QuickBooks Integration 101 for Nonprofits
In our seven years of database development, organizations of all sizes have come to us to request connectivity between their back office systems (such as QuickBooks, Peachtree, Great Plains etc.) and CRM (such as Salesforce). The motivation behind this request is typically to achieve these two clear benefits:
Reduced labor (through automation)
Enhanced communication (through aggregate reporting between departments)
This request can be far more complicated than it first appears. In an effort to help highlight the challenges and assist in due diligence we will be coming out with a white paper on the topic this fall. In the meantime this post will give you an idea of the fundamentals you will need to consider.
Most people think integration is like a trailer hitch: the trailer is hooked up directly to the back of the truck and you are on your way. Salespeople and marketing material enhance this perception not only because it is easy to promote that message, but because they may not truly understand the concept of integration either. This metaphor typically falls short when back office integration with nonprofit CRM is concerned.
The truth is, integration is more often like switchboard, connecting circuits so the correct “phone call” gets routed to the correct person. An integration is like connecting multiple calls simultaneously. In the simplest of terms, the fewer calls you have to connect, the less difficult the integration will be.
Each call out is being sent to a “table” in Salesforce. A table is a collection of related data held in a structured format within a database. For example you may have 1000 contact records all of which can be found in a single contact table. (Note: This should not be mistaken for a field value in which you can have many in a single record. For example...First Name, Zip Code, Phone Number are all examples of field values in a single contact record which may be found in a contact table.) The more tables and fields you have, the more sophisticated the integration.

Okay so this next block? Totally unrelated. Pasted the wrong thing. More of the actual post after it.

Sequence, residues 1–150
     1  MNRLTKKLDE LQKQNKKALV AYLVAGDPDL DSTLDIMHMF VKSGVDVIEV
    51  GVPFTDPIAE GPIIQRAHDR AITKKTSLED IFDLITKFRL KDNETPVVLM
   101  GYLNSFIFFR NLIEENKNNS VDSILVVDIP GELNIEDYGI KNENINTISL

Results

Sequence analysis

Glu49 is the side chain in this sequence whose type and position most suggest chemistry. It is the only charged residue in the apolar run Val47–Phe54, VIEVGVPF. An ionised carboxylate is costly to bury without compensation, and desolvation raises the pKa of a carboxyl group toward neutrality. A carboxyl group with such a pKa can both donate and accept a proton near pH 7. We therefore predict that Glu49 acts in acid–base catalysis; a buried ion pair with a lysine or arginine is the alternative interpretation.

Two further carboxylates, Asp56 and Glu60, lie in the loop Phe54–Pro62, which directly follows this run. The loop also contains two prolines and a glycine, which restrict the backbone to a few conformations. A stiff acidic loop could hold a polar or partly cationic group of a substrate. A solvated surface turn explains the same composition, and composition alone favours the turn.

So that’s an easy fix… if fewer tables mean easier integration, just reduce the tables, right? Not so fast.
If you reduce the number of tables, the result is weaker reporting and relationship tracking. You need these tables to measure outcomes (i.e. how many donations were made in Ohio last year) and organize contact relationships (i.e. Brad is married to Angelina, has seven kids, and lives in the Pitt household). In order to have those types of reports and relationships, that means more tables and a more complex switchboard. It should be no surprise that in order to accommodate a bigger switchboard (a.k.a integration) you will need to likely spend more time and money.
To be fair, some integrations are simple and can be set up quit easily. However, many cannot facilitate complex switchboarding necessary for a back office CRM integration right out of the box. Unfortunately, this is often what you don’t hear from your sales representative. They are often promoting a specific TYPE of switchboard for integration rather than the customized integration you are trying to achieve.
In order to start tackling the issue of integration, you will need to understand your organization’s architecture (i.e. how your tables are connected), which as a nonprofit is likely a combination of B2B (business-to-business) and B2C (business-to-consumer) process. Then, and only then, you can start considering your middleware options. We have reviewed four of the most common "bridges" here and in future posts (and in our forthcoming white paper) we will dig into these topics in more detail.